A year ago, Bryce Simon suffered the most devastating setback of his college career. The American senior forward tore his anterior cruciate ligament in the Eagles’ Patriot League tournament semifinal against Army. A year later, there was Simon, bulky knee brace notwithstanding, having one of his most productive games of the season in Sunday’s Patriot League semifinal against Army.
Simon, whose struggles to return from the injury have been well documented, said he really wasn’t thinking back to last year’s game.
“Obviously, I knew what [the game] was,” he said. “I knew it was about a year ago that I first had my injury. But honestly, coming in, I just wanted us to survive and advance. As a team, we’re at the same place we were last year, one game away from what we really want.”
In last year’s semifinal, Simon scored eight points in 12 minutes before going up for a rebound and landing wrong in the first half. Aside from a token appearance in the NCAA tournament game against Tennessee, Simon would not play another competitive game until Dec. 20.
Simon is not the same player he was before the injury. After starting 31 games last season, the junior college transfer has seen his role diminish. He hasn’t played more than 19 minutes in a game. But against Army on Sunday, Simon made the most of his playing time. He scored a season-high nine points on 4-of-5 shooting and grabbed three rebounds in the 15 minutes he spelled foul-plagued starter Brian Gilmore. Between Gilmore and Simon, AU got 28 points from the power forward spot.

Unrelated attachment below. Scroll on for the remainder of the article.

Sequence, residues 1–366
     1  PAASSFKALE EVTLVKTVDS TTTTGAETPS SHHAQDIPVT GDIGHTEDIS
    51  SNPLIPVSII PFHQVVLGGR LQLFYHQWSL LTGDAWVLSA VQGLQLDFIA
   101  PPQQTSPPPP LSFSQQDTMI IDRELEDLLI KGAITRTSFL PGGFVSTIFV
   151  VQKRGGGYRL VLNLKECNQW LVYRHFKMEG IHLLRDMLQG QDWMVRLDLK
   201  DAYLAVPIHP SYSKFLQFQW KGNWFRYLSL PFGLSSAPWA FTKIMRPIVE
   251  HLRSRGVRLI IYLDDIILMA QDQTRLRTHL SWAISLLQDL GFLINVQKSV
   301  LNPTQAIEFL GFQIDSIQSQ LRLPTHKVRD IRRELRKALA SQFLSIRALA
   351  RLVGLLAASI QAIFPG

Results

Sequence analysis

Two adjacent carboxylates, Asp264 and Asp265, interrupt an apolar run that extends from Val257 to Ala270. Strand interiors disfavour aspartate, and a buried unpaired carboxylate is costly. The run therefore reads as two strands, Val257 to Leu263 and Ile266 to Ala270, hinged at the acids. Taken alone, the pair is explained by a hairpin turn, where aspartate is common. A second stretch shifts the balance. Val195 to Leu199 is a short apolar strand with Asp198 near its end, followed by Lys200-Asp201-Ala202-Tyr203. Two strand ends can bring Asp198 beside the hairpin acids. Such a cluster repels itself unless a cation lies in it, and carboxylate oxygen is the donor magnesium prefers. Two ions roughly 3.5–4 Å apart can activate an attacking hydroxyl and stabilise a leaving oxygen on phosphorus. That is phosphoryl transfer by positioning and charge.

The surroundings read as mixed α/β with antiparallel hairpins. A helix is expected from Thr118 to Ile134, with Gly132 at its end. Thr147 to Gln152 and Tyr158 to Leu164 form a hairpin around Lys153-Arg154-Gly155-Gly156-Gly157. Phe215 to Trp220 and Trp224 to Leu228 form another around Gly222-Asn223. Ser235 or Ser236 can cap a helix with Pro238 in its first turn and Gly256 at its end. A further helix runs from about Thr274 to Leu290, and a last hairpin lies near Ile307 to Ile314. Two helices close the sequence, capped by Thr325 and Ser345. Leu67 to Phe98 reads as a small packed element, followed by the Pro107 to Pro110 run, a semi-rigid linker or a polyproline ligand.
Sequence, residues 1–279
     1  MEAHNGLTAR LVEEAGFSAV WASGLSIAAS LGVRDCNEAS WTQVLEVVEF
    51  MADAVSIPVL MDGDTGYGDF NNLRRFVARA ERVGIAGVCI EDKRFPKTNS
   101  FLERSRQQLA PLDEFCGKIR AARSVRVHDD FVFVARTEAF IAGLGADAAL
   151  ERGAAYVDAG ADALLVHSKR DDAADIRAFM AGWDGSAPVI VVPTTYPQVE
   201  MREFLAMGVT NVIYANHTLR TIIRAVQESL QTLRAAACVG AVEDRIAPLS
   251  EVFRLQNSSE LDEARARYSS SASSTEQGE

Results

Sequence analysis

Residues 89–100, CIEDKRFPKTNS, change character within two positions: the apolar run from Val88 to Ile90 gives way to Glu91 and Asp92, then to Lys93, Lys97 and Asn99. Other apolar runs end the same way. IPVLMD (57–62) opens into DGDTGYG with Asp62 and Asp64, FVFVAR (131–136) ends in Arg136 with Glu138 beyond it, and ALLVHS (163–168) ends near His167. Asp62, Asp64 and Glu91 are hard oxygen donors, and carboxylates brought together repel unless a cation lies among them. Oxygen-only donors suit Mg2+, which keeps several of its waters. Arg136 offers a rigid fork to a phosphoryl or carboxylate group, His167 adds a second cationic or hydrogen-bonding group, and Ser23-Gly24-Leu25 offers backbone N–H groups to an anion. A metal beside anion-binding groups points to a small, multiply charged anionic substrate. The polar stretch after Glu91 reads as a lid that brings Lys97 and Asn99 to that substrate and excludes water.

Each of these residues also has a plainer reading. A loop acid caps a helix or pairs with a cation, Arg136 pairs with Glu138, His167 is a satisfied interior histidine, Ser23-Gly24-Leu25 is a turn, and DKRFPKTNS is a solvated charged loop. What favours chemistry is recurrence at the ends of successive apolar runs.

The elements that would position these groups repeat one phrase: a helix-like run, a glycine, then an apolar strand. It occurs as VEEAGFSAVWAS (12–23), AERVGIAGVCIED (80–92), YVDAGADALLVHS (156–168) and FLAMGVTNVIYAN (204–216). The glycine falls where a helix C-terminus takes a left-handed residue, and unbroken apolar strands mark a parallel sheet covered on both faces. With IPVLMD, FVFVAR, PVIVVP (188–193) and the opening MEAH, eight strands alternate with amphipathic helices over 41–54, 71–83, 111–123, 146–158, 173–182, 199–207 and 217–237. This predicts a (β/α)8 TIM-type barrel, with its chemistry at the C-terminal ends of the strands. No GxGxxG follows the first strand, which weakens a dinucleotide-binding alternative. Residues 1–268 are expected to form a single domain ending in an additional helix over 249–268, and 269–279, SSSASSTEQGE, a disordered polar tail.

“I was probably nice to get that production from us,” Simon said. “We don’t always get that many points in that position.
“I’ve felt like I’ve gotten into a little more of a flow and better accustomed to playing with the injury. I’ll do whatever the team needs from me. If Brian can play 40 minutes, let Brian play 40 minutes. Brian is playing great basketball right now. . . . Friday, if I don’t get in the game, that’s fine with me. It’s all about winning.”
Watching Simon on the court, there are moments when he is his old self, confidently sinking a three-pointer or making the savvy pass. But there are also times when his tentativeness and distrust of his knee cost him.
“The big thing with Bryce is that he’s finding a comfort zone, and that’s physically as well as mentally,” AU Coach Jeff Jones said. “In certain situations, certain parts of the game, where Bryce is very confident. But there’s other things, and they usually tend to do with moving with contact, where he’s just a little bit unsettled. If you saw his [four] turnovers, usually the play was a little bit faster than he’s capable of doing. . . . I think it’s kind of an ongoing process with him in terms of getting comfortable and confident out there. When the game is played a certain way, I think we’ll see him do very well and seem very comfortable. But then there’s other situations where he looks a little bit like a fish out of water. He just has to recognize those and try to get through them.”
March 10, 2009; 1:09 PM ET
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